Tuesday , December 6 2016

MORE ABOUT HOW TO MANAGE TOO LITTLE SALIVA, PART II

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There are specific symptoms and signs to the lack of salivary flow, and they include:

– A dry sticky feeling in the mouth

– Trouble speaking, chewing and swallowing

– A dry rough tongue that feels cracked as well as cracked lips

– Increased plaque on the teeth

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– Increase in tooth decay

– Manifestation of fungus candida in the mouth or throat

Actually, dry mouth is a common side effect of many medications, and this is the number one cause. You can say that the greater the number of drugs you take, the greater the risk of developing a parched mouth.

The common medications that frequently cause dry mouth include anti- allergy medications, antihistamines, decongestants, antidepressants, cardiovascular medication for hypertension, painkillers, antacids and muscle relaxants.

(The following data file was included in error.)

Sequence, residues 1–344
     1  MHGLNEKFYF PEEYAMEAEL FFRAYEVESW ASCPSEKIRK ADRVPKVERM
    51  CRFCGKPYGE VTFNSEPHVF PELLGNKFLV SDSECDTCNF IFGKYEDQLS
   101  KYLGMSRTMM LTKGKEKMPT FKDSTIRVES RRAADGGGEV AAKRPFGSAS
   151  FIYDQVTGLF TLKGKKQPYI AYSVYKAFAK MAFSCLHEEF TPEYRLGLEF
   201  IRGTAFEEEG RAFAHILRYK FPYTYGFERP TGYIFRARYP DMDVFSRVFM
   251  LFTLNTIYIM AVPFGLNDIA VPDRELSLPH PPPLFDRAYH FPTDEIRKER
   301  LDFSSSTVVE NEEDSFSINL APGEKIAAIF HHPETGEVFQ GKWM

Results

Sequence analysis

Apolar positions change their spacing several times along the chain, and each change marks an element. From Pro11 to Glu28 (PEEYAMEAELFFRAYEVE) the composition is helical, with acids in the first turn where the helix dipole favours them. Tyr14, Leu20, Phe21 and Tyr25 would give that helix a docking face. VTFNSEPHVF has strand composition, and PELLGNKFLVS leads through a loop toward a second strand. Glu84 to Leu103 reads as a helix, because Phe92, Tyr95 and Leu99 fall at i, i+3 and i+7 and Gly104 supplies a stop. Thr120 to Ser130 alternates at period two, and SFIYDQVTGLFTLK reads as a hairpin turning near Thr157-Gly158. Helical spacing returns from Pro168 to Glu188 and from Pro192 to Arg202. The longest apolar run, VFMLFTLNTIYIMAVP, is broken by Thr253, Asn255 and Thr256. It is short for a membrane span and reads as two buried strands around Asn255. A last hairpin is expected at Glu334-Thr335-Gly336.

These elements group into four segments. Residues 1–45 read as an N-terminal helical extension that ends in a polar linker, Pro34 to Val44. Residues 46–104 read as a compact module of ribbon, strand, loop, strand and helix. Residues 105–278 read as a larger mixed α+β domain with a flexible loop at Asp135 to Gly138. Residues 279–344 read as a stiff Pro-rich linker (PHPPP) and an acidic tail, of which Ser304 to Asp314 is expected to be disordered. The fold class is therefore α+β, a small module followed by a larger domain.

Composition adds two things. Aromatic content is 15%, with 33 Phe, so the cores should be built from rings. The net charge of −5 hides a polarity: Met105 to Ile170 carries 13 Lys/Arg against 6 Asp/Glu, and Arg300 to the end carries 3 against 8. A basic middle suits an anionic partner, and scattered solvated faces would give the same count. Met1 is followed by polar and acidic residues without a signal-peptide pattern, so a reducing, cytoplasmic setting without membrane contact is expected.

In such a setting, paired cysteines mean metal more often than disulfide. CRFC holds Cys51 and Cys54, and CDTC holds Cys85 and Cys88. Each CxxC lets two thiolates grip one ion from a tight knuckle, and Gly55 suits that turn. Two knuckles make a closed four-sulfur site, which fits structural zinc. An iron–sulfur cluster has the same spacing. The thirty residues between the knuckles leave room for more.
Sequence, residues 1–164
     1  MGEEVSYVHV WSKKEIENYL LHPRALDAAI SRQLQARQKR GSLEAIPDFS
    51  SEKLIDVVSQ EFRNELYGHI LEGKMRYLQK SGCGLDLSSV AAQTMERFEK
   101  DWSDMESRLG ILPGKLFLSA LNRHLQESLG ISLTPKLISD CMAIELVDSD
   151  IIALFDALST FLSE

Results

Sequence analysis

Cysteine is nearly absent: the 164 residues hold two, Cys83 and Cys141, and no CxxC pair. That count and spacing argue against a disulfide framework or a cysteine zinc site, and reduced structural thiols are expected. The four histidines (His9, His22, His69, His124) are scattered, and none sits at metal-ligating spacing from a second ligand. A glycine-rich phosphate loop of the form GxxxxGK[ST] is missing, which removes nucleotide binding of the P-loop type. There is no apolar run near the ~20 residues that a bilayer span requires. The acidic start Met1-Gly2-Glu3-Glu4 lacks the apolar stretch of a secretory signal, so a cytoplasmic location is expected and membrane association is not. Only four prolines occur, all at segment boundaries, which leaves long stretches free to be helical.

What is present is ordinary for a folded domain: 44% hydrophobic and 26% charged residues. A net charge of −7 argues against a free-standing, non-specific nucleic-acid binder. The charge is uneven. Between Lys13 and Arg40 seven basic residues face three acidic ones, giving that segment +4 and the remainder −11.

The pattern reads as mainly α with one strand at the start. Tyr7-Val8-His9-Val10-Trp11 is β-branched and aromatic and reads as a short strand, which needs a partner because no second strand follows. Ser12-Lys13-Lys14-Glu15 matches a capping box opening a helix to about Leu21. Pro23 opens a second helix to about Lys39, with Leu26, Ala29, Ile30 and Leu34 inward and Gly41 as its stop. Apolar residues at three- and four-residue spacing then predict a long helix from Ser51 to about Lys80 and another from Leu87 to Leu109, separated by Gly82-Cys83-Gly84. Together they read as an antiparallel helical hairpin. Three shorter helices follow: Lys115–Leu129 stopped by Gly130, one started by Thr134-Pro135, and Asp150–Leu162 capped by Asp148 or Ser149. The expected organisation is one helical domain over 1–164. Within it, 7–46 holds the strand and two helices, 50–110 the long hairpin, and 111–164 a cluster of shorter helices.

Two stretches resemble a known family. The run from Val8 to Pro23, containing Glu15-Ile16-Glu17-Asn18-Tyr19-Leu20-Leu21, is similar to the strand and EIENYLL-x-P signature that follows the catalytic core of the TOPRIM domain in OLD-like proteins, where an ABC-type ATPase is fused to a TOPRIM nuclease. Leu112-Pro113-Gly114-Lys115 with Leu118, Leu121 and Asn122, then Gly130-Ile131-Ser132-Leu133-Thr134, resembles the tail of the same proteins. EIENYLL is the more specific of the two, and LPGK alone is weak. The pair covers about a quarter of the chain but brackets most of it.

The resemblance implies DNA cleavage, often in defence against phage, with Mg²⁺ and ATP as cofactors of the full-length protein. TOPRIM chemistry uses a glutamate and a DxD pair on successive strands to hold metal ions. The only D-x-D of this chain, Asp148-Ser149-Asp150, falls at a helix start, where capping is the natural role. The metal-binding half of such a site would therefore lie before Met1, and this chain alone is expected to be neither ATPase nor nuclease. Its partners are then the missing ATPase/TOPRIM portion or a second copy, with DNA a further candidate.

A number of systemic diseases correlate with dry mouth such as Sjögren’s syndrome, which is limited to the salivary glands and the eyes causing dry eyes and dry mouth. Other diseases related to dry mouth are chronic fatigue syndrome, chronic active hepatitis, AIDS, diabetes and renal dialysis.

Additionally, radiation therapy to treat cancer can damage the major and minor salivary glands. Of course, dehydration is an inevitable result of fluid loss, and dry mouth will be almost always a sign of dehydration. Fortunately, adequate hydration will solve the problem quickly.

To experience depression, stress and anxiety is part of being human, and dry mouth is one of the consequences of acute or chronic depression and stress. Unluckily, dry mouth can increase our anxiety and stress, and what is worse is that many medications to treat depression and anxiety often cause dry mouth as a side effect. Developing coping mechanisms and healthy strategies can reduce our anxieties to manageable levels; this will enhance the quality of our lives and consequently can help reduce the sensation of a dry mouth.

 HOW TO MANAGE TOO LITTLE SALIVA

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